The Death of a Soldier Told by His Sister by Olesya Khromeychuk - review by Helen Parr

Helen Parr

Journey’s End

The Death of a Soldier Told by His Sister


Monoray 207pp £12.99

Sometime after her brother’s death on the battlefield in eastern Ukraine in 2017, Olesya Khromeychuk wrote a play about it. Kneeling on the stage in the darkened theatre, she presented to the audience a short video her brother had made on his mobile phone while he was at the front. A blood-red sun appeared through piles of earth and her brother’s voice narrated: ‘Ladies and gentlemen, may I have your attention, please? I present you with the sunrise through a hole in a dugout wall.’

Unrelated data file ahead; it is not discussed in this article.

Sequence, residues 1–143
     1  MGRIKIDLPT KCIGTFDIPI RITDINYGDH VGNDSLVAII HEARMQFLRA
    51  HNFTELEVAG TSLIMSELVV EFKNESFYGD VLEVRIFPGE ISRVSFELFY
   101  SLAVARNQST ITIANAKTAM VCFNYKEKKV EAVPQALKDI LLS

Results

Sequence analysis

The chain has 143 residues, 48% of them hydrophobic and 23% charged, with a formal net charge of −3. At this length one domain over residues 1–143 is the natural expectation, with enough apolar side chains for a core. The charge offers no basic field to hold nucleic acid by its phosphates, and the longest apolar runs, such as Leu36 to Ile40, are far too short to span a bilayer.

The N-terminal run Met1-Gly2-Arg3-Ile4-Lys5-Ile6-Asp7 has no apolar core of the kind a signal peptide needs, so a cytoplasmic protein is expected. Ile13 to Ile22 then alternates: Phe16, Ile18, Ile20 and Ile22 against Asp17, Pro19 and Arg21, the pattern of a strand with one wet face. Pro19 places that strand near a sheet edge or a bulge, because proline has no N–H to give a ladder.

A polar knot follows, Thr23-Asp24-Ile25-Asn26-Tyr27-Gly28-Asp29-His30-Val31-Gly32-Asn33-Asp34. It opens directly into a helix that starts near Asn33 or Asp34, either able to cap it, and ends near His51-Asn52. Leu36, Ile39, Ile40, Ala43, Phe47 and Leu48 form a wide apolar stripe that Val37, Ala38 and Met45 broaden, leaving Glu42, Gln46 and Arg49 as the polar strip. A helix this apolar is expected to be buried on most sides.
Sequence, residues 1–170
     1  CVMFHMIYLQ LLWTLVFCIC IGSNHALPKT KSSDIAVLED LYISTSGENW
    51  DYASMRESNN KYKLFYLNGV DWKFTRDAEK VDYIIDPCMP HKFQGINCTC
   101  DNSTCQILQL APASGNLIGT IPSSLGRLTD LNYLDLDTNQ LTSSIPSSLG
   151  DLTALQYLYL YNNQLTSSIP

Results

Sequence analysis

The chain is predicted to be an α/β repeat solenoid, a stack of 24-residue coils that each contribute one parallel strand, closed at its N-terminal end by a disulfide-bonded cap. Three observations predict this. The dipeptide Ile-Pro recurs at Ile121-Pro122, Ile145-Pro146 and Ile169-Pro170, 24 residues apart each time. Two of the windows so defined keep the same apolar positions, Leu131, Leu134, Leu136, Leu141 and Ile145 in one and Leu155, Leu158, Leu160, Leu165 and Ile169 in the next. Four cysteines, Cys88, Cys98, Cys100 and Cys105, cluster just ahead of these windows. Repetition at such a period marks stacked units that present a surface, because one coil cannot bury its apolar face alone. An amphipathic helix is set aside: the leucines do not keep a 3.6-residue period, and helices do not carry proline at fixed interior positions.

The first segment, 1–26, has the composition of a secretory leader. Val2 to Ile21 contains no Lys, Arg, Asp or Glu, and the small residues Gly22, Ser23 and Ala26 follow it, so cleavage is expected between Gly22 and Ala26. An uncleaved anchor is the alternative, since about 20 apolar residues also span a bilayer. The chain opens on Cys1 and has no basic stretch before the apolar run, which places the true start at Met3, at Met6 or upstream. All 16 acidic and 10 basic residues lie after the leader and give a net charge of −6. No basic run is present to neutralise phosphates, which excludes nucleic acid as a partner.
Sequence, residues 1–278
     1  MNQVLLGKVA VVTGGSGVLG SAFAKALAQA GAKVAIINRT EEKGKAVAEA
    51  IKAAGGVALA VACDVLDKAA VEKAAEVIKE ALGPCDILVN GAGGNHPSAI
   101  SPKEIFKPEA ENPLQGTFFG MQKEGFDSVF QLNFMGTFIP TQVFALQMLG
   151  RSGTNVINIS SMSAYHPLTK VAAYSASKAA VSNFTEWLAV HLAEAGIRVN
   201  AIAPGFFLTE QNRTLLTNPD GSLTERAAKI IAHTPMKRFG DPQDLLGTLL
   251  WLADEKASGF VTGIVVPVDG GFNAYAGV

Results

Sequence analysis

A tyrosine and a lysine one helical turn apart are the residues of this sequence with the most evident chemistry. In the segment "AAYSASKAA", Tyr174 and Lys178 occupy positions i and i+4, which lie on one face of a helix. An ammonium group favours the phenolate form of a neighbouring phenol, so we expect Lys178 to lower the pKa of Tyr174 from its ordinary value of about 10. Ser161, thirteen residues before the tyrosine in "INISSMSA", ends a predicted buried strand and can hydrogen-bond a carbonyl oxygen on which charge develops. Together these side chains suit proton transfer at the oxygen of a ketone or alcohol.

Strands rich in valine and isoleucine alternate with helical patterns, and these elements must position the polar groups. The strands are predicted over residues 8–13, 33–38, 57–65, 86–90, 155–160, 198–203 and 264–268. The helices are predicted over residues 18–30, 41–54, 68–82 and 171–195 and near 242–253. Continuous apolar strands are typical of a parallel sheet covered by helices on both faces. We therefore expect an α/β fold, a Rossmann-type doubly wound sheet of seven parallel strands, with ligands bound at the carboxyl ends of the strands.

It struck me, reading this tender and courageous book, that the sunrise through a hole in a dugout wall could be an allegory for the experience of living with the death of a soldier. The reality is awful but there are glimpses of beauty. The world cares and does not care. The pain is immense but hard to confront. Grief reveals itself partially, gradually, shatteringly, and other people see only the surface. Life carries on. Even the deaths of thousands, hundreds of thousands, of soldiers do not prevent new wars.

Khromeychuk writes without sentimentality or self-pity. She was on the London Underground when she received a Facebook message from the Ukrainian Ministry of Foreign Affairs. She knew something terrible had happened and rushed off the train to call her mother. Her mother reported calmly, ‘Our Volodya was killed

Sign Up to our newsletter

Receive free articles, highlights from the archive, news, details of prizes, and much more.

RLF - March

Follow Literary Review on Twitter